My parents sent me a copy of A Bright and Steady Flame, a new memoir by Luanne Armstrong. It’s a beautiful story, if harrowing at times. Personally, I loved the book most for its descriptions of life along Kootenay Lake in the 1970s.
While Luanne was struggling as a single mom and emerging writer near the southern end of the lake, my parents were chasing bears off our property about 40 minutes north, in Crawford Bay. And though she was an adult while I was a child, we apparently shared quite a few experiences: geodesic domes, carob chips, trailers, and random books scrounged from unusual sources.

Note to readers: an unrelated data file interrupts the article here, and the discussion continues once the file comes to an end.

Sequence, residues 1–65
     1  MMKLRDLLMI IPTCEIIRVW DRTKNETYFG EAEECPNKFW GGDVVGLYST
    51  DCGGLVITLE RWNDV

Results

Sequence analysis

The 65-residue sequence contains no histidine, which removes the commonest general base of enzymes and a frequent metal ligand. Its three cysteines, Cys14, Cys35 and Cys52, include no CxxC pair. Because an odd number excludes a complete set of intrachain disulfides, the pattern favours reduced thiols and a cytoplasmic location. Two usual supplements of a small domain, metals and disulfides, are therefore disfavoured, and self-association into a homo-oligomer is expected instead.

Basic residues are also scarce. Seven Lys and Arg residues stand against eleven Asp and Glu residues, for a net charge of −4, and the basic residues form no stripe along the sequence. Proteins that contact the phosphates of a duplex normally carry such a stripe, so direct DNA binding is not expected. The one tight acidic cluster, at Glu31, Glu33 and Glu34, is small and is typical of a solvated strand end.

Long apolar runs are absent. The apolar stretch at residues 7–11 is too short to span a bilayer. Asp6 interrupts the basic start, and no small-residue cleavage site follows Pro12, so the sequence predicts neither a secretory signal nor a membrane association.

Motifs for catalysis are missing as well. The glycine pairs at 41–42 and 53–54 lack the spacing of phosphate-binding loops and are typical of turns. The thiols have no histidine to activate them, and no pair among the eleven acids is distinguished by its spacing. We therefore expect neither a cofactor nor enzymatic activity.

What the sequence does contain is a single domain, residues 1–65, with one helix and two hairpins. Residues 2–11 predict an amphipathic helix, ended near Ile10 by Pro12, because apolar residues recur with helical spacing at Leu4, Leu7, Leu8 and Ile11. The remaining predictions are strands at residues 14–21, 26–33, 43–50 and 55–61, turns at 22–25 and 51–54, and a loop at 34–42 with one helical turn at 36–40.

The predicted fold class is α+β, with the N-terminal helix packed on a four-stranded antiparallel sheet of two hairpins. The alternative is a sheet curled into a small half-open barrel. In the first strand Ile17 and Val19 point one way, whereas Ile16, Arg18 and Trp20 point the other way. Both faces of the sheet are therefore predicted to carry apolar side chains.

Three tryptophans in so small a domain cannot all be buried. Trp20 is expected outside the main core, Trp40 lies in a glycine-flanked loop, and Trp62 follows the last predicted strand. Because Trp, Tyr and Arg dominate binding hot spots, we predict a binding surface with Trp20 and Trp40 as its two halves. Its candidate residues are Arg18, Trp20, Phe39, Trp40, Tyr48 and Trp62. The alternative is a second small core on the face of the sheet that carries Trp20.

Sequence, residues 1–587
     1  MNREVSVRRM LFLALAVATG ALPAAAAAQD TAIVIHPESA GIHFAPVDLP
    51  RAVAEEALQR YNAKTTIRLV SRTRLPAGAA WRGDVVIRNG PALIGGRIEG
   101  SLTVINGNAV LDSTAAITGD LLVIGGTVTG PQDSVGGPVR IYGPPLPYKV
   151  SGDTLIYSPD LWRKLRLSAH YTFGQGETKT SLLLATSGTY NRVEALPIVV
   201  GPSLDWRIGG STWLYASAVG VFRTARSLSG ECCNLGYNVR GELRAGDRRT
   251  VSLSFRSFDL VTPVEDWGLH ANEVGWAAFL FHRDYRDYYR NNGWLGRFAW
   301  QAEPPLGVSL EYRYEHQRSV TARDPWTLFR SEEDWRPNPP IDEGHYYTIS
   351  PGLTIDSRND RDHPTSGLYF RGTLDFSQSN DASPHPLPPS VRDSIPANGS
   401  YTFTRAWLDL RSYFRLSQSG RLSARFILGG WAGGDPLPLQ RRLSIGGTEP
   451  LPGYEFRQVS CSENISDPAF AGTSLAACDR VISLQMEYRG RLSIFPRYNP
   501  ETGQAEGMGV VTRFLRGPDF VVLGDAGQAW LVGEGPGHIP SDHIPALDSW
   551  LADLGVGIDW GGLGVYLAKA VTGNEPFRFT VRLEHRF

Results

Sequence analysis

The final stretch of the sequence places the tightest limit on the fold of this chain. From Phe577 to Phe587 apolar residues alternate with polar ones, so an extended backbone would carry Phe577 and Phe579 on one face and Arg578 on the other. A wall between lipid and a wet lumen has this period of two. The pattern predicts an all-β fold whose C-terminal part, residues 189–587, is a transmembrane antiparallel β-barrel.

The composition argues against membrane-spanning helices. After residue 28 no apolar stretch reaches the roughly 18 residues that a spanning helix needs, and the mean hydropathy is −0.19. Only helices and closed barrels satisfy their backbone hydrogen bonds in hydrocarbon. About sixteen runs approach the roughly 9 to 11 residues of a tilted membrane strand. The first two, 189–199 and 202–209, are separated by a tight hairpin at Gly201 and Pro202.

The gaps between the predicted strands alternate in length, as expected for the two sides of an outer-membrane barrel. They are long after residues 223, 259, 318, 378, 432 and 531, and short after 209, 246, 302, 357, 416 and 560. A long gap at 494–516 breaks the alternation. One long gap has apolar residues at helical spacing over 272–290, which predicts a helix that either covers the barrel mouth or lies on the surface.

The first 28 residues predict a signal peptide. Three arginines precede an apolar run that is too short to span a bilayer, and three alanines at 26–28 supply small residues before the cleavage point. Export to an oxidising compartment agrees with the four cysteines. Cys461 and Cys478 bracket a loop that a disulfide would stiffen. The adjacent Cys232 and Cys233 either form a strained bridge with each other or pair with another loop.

My dad used to bring home cardboard boxes of books from Jual Auction. Opening one was like cracking a chest from the bottom of the sea. It could be full of sand or it could be full of treasure.
Even if you’re not from the Kootenays, A Bright and Steady Flame is a wonderful read. It’s the story of a woman struggling to find her artistic identity amidst poverty and social change, and the story of a friendship which endured it all.